b2 stimulation

-These are found in the airway smooth muscle (bronchioles) and in vasculature smooth muscle
-Skeletal muscle vasculature contains mostly only b2, where as all other vasculature contains both a1 and b2
-Binding of direct sympathomimetics to b2 causes dilation of both the bronchioles and skeletal muscle vessels
-Dilation of the skeletal muscle vessels causes a drop in BP
-Albuterol binds specifically to the b2 receptors in the bronchioles and causes bronchodilation
-Propanolol binds to and blocks the b2 receptor (and b1), thus causing bronchocontraction and skeletal muscle vasoconstriction (b2), but also induces bradycardia and hypotension (via decreasing HR and force of contraction; b1) to overall cause decrease in HR/BP and cause bronchoconstriction


Example of effects of a sympathomimetic

-Giving phenylephrine will constrict the vessels everywhere but skeletal muscle (used for nasal decongestant)
-This results in an increased peripheral resistance and thus an increase in diastolic BP
-Increasing diastolic BP in turn increases systolic BP, and the cardiac reflex reacts by decreasing HR
-So we see an increase in diastolic pressure and systolic pressure, and a decrease in HR


Affects of NE on adrenergic receptors 1

-NE binds to a1 and b1 receptors, but not to b2
-Therefore NE increases peripheral resistance and thus diastolic BP (action of a1)
-NE also increases HR and force of contractions, which, along w/ increase in diastolic BP, increases systolic BP (b2)


Affects of NE on adrenergic receptors 2

-Due to the combined effect of increased diastolic BP (a1) and b1 direct effect on systolic BP, the increase in systolic BP is greater than the increase in diastolic BP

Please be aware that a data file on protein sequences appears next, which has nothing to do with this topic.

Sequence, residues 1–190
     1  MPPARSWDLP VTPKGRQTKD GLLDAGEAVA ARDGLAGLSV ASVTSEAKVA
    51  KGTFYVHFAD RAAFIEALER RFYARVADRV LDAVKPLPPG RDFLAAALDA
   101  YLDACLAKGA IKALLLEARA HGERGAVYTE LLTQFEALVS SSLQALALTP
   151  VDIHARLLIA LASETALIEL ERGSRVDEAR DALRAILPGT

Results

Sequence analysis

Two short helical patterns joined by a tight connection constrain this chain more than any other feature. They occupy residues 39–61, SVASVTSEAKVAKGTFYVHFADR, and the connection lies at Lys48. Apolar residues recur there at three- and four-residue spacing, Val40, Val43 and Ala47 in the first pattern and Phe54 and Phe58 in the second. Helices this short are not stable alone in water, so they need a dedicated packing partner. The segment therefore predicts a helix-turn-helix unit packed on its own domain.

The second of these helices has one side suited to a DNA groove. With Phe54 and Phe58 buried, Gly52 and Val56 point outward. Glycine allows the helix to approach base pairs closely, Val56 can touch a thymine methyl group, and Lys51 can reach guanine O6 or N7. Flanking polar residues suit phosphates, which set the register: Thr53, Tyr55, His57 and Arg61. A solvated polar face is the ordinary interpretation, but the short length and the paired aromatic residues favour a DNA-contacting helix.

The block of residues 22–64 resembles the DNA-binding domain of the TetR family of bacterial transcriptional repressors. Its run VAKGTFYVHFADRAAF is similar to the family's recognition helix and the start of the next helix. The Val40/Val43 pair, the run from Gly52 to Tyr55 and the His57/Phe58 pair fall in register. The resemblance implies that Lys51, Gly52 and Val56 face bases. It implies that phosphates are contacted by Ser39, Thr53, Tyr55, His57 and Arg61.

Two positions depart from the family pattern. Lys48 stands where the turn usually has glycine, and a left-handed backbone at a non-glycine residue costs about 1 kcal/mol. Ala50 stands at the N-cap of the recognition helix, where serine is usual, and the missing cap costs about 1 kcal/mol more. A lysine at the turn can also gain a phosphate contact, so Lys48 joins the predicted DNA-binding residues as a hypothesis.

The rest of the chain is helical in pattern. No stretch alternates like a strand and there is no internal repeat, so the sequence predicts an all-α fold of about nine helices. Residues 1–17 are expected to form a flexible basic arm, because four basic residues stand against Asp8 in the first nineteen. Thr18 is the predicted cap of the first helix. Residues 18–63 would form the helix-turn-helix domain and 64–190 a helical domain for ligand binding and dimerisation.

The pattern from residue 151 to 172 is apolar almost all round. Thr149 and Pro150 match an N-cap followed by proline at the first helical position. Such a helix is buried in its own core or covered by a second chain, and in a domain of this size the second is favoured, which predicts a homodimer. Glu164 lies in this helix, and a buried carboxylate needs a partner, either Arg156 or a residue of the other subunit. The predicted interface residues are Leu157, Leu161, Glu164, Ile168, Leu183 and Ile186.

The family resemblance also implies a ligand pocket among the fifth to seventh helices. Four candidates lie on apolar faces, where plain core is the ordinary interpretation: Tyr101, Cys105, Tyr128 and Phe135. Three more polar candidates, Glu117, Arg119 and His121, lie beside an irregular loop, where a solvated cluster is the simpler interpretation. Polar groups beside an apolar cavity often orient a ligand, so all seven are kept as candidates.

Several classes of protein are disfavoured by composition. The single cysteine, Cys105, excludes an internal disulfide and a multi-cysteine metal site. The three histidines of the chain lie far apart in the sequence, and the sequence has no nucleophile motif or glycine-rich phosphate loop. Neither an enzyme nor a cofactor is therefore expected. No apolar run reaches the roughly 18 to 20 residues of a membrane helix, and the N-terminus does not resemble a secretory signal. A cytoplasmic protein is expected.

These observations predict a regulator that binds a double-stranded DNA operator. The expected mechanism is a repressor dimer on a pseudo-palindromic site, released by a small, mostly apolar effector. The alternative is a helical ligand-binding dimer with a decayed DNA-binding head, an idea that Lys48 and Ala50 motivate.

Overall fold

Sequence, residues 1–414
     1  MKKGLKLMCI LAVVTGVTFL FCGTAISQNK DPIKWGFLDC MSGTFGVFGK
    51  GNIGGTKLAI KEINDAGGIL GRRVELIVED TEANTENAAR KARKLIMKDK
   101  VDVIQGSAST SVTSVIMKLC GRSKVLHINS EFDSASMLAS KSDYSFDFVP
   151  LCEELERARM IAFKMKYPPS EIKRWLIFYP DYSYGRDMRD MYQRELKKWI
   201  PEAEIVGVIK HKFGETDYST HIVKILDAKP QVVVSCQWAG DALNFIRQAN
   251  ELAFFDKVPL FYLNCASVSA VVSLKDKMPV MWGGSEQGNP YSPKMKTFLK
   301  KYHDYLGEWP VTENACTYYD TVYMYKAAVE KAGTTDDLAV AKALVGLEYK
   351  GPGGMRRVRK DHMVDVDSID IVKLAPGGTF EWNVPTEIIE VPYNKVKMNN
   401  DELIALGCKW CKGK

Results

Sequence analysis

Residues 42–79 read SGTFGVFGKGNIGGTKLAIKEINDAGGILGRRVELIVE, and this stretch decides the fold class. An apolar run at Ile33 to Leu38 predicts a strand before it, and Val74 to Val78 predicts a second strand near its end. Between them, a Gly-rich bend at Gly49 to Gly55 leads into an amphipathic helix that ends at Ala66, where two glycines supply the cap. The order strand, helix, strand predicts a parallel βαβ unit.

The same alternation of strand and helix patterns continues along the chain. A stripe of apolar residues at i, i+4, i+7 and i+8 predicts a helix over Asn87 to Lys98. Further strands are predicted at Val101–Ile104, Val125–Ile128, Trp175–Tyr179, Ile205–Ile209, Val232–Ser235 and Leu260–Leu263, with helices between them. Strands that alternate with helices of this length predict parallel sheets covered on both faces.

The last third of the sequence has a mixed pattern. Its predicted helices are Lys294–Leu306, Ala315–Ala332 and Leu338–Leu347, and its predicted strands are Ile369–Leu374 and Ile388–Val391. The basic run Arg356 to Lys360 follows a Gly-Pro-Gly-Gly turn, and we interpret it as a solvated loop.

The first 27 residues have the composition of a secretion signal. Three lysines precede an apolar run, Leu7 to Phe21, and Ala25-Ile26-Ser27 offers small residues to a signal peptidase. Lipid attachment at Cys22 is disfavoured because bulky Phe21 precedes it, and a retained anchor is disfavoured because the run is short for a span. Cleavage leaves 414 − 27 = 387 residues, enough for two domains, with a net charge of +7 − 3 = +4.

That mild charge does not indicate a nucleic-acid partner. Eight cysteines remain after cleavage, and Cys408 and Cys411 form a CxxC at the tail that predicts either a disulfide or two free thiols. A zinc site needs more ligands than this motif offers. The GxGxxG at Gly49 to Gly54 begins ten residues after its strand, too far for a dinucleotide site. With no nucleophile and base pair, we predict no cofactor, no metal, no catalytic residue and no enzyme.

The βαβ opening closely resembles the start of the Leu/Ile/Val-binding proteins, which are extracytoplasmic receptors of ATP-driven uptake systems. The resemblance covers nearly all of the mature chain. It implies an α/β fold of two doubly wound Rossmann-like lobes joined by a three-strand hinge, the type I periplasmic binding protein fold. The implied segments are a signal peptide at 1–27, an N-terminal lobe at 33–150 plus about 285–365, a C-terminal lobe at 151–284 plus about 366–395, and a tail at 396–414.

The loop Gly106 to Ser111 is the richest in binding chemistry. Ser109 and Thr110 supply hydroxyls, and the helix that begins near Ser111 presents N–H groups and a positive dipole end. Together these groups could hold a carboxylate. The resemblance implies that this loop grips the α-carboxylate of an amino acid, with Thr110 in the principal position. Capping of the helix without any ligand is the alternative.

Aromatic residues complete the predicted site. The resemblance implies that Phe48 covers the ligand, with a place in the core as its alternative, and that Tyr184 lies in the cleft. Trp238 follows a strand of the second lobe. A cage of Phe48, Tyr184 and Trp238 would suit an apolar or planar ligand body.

-The mean BP is increased
-As the BP increases the cardiac reflex will sense it and increase para output to heart, thus decreasing the HR
-Overall effects of giving NE: increased diastolic and systolic BP, but decreased HR (due to cardiac reflex)



-Binds to and activates b1 and b2 receptors
-The b1 activation increases HR and force of contractions, thus increasing systolic pressure
-The b2 activation causes vasodilation in skeletal muscle, thus greatly decreasing resistance and diastolic BP
-Since the decrease in diastolic BP is larger than the increase in systolic BP, there is a net decrease in mean BP
-The cardiac reflex senses the drop in BP and increases symp output on heart, further increasing HR
-This stimulation, on top of the b1 activation from isoproterenol, leads to a larger and prolonged increase in HR (largest increase of all the drugs, due to help from cardiac reflex)



-Binds to a1, b1, and b2 receptors (has higher affinity for b2 than it does for a1)
-There is both vasoconstriction (a1) and vasodilation (b2), but the vasodilation predominates, so there is a drop in resistance and diastolic BP (this is at low-moderate doses only, when the affinity for b2 matters)
-The b1 affects are to increase systolic BP and HR, but the diastolic BP is decreased about the same amount as the systolic BP is increased so there is very little change in mean BP
-Because of the static mean BP there is no response from the cardiac reflex and the HR remains elevated (due to b1), but not as high as when giving isoproterenol